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3 years 2 months ago #40043 by Mr.Physics
I think it is important that you get to spend some time with a potential new technician whether it be in a group setting or more one to one for a friendly chat. I also believe that part of the interview process should involve a good look around the labs and prep rooms.
when I have been to job interviews at other schools I was either shown around the school by students or a member of the bursary. Neither of which could show me/ answer questions of the labs, prep rooms and science department.
At some of these interviews I did get to meet the current members of the technician team (if there was one). This also helped me because i could decide if these are people I could get along with. After all you do spend more time with the technicians rather than the teachers.

D Hudson
Physics Technician
Grange School
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3 years 2 months ago - 3 years 2 months ago #40045 by Baldilocks
I think it would be a good idea, in all cases, to have moderately detailed, bullet point lists of:
A) duties (making solutions, maintaining plants, trialing experiments, repairing, ordering, etc)

B ) work flow. (start day, check lists,..)

C) overview of hours (15% pulling hair out, 10% washing up)
A careful analysis like this is a way of telling smt just what you do, as well as being essential in promotion, redundancy, job adverts etc.

Ian

Ps Sorry about the superfluous space in the second bullet point above. Trying to type B ) without the space results in B) - is this a feature or a flaw?

“Do not believe everything you read on the Internet.” -Abraham Lincoln
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3 years 2 months ago #40067 by Leigh Preece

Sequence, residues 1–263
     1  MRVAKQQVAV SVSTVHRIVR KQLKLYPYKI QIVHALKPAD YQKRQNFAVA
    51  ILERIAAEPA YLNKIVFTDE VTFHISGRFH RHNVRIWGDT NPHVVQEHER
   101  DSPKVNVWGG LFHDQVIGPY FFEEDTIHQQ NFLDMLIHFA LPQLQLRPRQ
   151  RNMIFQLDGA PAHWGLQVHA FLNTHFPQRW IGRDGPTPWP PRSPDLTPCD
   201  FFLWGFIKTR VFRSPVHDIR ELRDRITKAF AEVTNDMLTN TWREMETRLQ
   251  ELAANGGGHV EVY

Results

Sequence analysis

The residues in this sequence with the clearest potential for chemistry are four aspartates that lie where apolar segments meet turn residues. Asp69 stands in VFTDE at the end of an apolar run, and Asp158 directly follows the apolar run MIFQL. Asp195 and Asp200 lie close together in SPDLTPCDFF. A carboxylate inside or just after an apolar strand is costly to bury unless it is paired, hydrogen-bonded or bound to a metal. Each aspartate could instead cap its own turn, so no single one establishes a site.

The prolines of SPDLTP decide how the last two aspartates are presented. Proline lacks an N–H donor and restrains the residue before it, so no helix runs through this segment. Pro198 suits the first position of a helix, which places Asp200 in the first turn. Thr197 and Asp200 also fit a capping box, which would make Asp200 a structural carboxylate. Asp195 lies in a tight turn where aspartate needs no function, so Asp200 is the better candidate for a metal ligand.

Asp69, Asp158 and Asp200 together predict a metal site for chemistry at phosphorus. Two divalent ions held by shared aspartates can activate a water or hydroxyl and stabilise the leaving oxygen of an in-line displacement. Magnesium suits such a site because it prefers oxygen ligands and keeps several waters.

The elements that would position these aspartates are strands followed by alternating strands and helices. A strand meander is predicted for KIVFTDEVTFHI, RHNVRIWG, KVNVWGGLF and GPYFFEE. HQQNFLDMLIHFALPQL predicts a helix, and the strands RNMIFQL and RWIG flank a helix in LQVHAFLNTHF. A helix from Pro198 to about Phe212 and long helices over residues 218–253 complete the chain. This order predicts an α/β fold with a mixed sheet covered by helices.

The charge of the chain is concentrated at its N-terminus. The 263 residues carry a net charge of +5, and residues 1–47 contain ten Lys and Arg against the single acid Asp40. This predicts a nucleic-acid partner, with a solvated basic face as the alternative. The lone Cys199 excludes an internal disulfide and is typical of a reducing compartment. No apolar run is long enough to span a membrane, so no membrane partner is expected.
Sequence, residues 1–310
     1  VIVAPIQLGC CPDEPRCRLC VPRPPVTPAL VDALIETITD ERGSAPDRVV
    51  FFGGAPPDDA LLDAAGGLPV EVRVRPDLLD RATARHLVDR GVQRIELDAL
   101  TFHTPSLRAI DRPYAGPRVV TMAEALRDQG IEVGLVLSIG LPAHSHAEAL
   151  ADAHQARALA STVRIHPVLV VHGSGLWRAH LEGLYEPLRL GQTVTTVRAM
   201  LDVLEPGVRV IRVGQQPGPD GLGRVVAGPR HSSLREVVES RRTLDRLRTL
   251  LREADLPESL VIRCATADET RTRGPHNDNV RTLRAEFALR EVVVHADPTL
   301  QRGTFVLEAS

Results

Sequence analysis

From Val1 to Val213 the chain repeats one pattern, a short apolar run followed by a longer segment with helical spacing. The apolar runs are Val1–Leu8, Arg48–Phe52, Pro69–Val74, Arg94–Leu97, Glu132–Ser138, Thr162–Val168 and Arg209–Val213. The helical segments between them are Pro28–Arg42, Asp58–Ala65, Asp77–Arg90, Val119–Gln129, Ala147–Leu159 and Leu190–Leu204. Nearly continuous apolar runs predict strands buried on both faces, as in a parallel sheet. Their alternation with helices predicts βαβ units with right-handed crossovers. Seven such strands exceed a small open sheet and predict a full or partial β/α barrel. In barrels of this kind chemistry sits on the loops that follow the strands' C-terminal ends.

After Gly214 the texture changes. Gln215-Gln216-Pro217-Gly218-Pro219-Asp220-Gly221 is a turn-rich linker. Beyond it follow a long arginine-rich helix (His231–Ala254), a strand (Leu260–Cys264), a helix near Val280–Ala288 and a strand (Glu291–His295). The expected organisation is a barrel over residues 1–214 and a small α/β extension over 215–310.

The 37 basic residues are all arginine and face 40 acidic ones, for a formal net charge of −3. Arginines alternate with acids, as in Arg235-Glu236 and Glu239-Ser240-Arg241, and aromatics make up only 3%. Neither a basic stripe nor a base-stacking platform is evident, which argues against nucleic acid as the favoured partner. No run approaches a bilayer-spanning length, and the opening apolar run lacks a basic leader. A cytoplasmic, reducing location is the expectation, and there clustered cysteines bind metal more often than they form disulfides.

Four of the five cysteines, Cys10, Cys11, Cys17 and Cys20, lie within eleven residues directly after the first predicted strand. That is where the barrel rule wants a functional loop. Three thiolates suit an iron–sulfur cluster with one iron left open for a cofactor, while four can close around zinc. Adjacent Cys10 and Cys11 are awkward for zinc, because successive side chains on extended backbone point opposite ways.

Sometimes its good to invite whoever got the position to spend maybe a morning or day with you if they have opportunity - gets them into the role a little easier and chance to meet staff too.

"Two things are infinite: the universe and human stupidity; and I'm not sure about the universe.”

Albert Einstein

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3 years 2 months ago #40072 by joyce
We got to meet the person and had a long chat with them, showed them round etc. We thought they would be OK. However they first accepted, and then rejected the post, so we are back to square one - and wondering why they changed their mind :unsure: :(

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3 years 2 months ago #40073 by bsimmo
Ask them ?

Found out actual pay? Better offer somewhere else? Decided it just wasn't for them?

Still can't harm in asking why (and they should be asking too, so the school can see if there is a problem)

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3 years 2 months ago #40075 by joyce
tTey don't know and the person does not have to say and didn't volunteer any info. My guess they had had another interview and were waiting to hear about that job and took this one as a backup, when they got the other one they took that instead, or maybe they were offered more money if they stayed put? Who knows